Both printers support Windows and Macintosh users, but Linux users will prefer HP. Why? HP drivers are built into many Linux operating systems, while Epson is newer and less involved with the Linux community. My Ubuntu workstations can print and scan on the HP, but not the Epson.
The Epson includes wireless networking, but I don't recommend using wireless for printing. Wireless connections are always slower and less secure than wired, and printers stay still so mobility isn't an issue. However, if you have a mobile group that travels around, building your own wireless network that includes a printer will be handy. Since the wireless support doesn't cost more, don't worry about it if you don't use it.
You will need to load a CD ROM full of software to each computer that needs access to the multi-function printer. I wish some had “print only” drivers for users who don't need the scanning, but those are rare. Are you listening, printer people?
Stepping up to the next level means a dedicated scanner. Fujitsu sent me one of its ScanSnap S1500 Color Image Scanner units, and it's way cool. I got the PC version, but the company also offers a Mac version. The unit ties directly to the computer, rather than being on a network, which makes some sense. When you get one of these units you're more serious about scanning incoming documents for paper reduction and later retrieval. Assigning one person to be the Scan Master will lower mistakes and maintain scanning consistency.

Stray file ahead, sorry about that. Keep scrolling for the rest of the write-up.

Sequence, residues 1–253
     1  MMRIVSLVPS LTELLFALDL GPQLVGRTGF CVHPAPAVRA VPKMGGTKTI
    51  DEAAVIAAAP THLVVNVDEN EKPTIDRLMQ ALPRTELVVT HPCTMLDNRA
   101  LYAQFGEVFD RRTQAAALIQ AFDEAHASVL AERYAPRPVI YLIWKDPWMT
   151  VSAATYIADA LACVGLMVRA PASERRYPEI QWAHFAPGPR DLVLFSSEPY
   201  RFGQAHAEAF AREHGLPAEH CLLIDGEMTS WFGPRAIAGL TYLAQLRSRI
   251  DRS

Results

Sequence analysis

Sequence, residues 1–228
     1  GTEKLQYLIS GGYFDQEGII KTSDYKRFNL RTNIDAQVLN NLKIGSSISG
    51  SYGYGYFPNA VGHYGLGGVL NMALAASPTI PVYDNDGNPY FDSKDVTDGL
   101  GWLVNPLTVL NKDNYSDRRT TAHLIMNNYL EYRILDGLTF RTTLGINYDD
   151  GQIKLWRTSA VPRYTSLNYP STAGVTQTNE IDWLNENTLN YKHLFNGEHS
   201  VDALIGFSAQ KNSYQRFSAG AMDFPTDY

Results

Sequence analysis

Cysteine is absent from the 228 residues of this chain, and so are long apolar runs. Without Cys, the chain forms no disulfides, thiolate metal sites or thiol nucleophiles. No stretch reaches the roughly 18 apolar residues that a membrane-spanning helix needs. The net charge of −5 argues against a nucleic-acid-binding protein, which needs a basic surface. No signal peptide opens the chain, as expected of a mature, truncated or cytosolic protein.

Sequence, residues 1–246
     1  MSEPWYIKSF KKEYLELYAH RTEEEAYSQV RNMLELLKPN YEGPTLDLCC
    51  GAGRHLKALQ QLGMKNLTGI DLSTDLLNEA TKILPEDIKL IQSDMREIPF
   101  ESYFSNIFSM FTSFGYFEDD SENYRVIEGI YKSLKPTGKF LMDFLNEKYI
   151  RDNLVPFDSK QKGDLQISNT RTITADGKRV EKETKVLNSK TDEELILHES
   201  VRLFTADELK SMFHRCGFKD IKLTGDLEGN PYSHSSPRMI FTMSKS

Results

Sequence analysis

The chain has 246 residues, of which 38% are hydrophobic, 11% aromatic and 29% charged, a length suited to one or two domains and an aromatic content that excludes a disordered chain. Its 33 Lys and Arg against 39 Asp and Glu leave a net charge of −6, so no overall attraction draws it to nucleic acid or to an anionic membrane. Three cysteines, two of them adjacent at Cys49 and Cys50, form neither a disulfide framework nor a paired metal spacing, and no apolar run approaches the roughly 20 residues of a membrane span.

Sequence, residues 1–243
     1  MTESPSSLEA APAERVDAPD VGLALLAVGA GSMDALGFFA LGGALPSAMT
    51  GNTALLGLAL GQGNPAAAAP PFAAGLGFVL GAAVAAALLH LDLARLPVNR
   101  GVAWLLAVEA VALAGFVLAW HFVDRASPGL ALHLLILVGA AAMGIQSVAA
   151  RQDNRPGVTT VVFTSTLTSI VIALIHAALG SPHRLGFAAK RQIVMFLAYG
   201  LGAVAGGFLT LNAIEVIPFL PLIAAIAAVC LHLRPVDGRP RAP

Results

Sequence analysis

The Scan Master will have an easy job. The ScanSnap takes up to 20 pages at once, and quickly scans front and back as the pages seemingly fall through the scanner continuously. While you can define each detail of a scan operation, by default the unit will scan in color if the page has color, eliminate blank pages, and keep the images in the order you feed them. It even scans business cards, which surprised me.
Street prices are around $450 for the unit I tested, which is thousands of dollars less than such units used to cost. One person with a ScanSnap can easily convert most incoming paper into scanned images that can be stored on a disk rather than in a cabinet. Searching and retrieval using searchable PDF settings for scanned documents works fast and reliably. Small companies can use this one unit, with the included software, and do what cost $100,000 ten years ago. That's a bargain, and reduces the amount of paper you have to store as well.
Multi-function printers provide more value in a smaller space than separate units, but you probably know that already. Adding automatic document feed to your multi-function printer makes it much more useful as a scanner and copier, which is why I like the Epson WorkForce 600. People won't scan more than a couple of pages if they have to place each page on the scanner.
When you get serious about scanning as a way to reduce retained paper, the Fujutsu ScanSnap S1500 provides great performance as the first step into the world of document management. Don't think of “document management” as much more than intelligent use and storage of the paper you're trying to avoid, and the process will go much more smoothly.